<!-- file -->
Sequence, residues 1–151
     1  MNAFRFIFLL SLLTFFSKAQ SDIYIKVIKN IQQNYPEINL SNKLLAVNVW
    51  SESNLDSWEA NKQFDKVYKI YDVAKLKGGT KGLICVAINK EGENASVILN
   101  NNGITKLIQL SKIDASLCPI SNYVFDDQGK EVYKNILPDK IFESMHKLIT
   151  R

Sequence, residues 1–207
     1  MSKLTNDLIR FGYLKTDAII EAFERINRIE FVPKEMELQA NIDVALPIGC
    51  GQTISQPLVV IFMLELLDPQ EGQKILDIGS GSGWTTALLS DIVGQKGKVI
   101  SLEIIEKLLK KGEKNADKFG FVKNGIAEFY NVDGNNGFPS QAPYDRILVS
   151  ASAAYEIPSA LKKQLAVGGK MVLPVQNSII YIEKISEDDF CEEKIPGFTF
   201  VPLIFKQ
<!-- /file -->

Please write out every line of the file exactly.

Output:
Sequence, residues 1–151
     1  MNAFRFIFLL SLLTFFSKAQ SDIYIKVIKN IQQNYPEINL SNKLLAVNVW
    51  SESNLDSWEA NKQFDKVYKI YDVAKLKGGT KGLICVAINK EGENASVILN
   101  NNGITKLIQL SKIDASLCPI SNYVFDDQGK EVYKNILPDK IFESMHKLIT
   151  R

Sequence, residues 1–207
     1  MSKLTNDLIR FGYLKTDAII EAFERINRIE FVPKEMELQA NIDVALPIGC
    51  GQTISQPLVV IFMLELLDPQ EGQKILDIGS GSGWTTALLS DIVGQKGKVI
   101  SLEIIEKLLK KGEKNADKFG FVKNGIAEFY NVDGNNGFPS QAPYDRILVS
   151  ASAAYEIPSA LKKQLAVGGK MVLPVQNSII YIEKISEDDF CEEKIPGFTF
   201  VPLIFKQ